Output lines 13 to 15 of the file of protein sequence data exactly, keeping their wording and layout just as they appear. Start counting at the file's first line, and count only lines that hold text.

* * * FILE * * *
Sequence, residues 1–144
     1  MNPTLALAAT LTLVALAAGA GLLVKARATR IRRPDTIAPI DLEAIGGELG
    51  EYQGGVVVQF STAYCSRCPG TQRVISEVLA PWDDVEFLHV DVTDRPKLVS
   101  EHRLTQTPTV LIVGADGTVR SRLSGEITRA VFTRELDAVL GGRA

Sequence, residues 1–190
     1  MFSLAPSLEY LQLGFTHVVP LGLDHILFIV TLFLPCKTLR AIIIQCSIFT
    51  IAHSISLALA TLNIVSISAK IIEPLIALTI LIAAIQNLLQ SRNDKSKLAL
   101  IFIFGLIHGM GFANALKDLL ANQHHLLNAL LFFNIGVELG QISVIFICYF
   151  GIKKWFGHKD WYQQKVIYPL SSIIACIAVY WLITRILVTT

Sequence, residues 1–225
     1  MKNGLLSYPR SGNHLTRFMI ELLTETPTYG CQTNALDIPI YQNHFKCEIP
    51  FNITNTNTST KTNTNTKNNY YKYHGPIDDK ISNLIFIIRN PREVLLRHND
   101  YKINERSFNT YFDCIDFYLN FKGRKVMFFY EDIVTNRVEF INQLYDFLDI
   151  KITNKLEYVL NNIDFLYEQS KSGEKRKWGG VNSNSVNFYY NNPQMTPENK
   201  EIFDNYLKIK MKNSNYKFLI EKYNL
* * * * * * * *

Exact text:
   101  YKINERSFNT YFDCIDFYLN FKGRKVMFFY EDIVTNRVEF INQLYDFLDI
   151  KITNKLEYVL NNIDFLYEQS KSGEKRKWGG VNSNSVNFYY NNPQMTPENK
   201  EIFDNYLKIK MKNSNYKFLI EKYNL